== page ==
Shortly after Alyssa Cox started working at Amazon, a decade ago in a fulfillment center, she volunteered to pose for recruiting posters. She stepped forward, smiled for an Amazon photographer, and forgot about it.
A few years later, friends working at Amazon in other states started texting her selfies while posing with her life-sized recruiting poster. “They would say, ‘Hey, I saw you today!’ It was a good laugh,” Alyssa recalled. Then she forgot about it.
Alyssa is now an Amazon recruiter at the same fulfillment center in Sumner, Washington. And in a serendipitous twist, her new team is the same team that photographed her years before—something they all discovered when one of Alyssa’s life-sized posters tumbled out of an office closet.
“It was really cool, a kismet thing that the one poster that rolled out ended up being me,” said Alyssa, who now helps other Amazon employees find roles that are right for them.
Alyssa’s path from an hourly employee in field operations to a salaried human resources employee represents the Amazon way. So far this year, of the 4,207 field operations promotions within fulfillment centers, 91%, were filled by employees already in the field.
“We look to promote from within, and the data shows that we do,” said Luli Chaluleu, director of talent acquisition at Amazon. “My team recruits amazing talent into good jobs at Amazon, and it’s always fun to watch our employees succeed and grow.”
Alyssa started working at Amazon as a temporary employee 10 years ago. In that first role, she made sure all the products that were supposed to be in specific bins were in the correct bins. It was important work, and Alyssa was good at it. She counted items in thousands of bins during peak season. She was hired as a full-time employee just three months after she started.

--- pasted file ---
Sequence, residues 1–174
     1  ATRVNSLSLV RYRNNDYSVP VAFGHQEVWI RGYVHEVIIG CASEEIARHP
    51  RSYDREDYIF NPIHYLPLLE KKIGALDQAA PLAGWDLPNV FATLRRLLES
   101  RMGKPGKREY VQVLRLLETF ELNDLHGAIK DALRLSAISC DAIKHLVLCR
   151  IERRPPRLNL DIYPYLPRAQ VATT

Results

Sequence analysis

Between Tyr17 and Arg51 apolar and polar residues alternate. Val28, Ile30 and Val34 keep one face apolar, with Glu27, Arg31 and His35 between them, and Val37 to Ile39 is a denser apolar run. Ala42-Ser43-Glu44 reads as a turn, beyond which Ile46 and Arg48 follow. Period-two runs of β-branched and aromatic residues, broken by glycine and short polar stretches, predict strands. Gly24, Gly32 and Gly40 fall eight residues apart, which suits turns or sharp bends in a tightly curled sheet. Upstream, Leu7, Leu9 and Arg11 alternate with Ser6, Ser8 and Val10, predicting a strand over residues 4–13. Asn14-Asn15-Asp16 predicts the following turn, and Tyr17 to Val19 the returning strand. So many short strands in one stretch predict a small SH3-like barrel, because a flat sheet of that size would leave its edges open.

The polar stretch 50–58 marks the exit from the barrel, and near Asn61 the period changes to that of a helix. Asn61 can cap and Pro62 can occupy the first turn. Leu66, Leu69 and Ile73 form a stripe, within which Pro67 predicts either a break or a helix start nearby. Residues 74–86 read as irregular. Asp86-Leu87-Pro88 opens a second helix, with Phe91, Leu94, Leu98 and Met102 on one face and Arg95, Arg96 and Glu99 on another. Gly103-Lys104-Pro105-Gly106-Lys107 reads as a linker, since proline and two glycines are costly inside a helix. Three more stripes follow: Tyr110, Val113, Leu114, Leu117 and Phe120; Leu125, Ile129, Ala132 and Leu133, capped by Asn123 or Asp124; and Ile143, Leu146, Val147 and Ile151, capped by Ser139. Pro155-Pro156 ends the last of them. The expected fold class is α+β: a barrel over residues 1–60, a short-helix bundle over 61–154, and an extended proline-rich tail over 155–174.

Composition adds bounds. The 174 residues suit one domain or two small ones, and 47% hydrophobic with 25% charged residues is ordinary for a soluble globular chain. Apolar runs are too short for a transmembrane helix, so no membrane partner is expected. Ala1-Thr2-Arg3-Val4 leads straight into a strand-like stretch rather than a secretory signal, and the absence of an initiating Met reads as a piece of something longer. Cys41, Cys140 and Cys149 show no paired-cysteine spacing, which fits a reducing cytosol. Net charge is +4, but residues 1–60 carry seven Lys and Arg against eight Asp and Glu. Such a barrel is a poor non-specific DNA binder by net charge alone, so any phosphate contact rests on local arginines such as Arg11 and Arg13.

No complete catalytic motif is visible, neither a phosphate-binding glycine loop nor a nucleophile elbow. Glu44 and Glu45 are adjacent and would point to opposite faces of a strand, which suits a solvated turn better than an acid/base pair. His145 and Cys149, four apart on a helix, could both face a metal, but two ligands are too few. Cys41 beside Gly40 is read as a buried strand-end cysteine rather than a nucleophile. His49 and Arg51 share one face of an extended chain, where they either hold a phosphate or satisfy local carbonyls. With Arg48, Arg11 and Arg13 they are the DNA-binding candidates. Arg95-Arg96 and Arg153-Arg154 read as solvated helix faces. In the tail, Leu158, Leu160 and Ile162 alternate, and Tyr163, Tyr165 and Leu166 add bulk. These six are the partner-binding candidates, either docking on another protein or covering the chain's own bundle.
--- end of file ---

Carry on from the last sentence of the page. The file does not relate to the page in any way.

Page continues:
She then worked her way up through a series of other roles in the fulfillment center: She learned how the fulfillment center worked, then moved to the “inbound” side of the business, which handles all the arriving merchandise. She made sure merchandise was properly stowed. She planned employees’ shifts.
She saw even more variety in her work when her fulfillment center started being used for research and development. The facility was among the first Amazon fulfillment centers to use Kiva robots—those machines that look like big, orange, super-smart Roombas. The machines bring bins holding merchandise to workers preparing customer orders, so employees don’t have to spend time walking around the large fulfillment centers to locate products.
Alyssa gained more responsibility in her role, and a manager suggested she consider a role in recruiting. She connected with people in HR and recruiting to learn more about potential roles.
“My page of notes was full,” she said. “I was so excited about it!”
She earned the role of recruiting coordinator. Her responsibilities included contacting candidates and helping organize recruiting events. After eight months, she became a recruiter. She now hires people for Amazon in Washington, Oregon, California, New Mexico, Arizona, and Texas.
Alyssa’s advice to people looking for promotions within Amazon, or any company, is to talk with a manager—even someone who isn’t their current manager.
“They’re willing to help you,” she said.
Inspired by Alyssa’s story? Learn more about working at Amazon.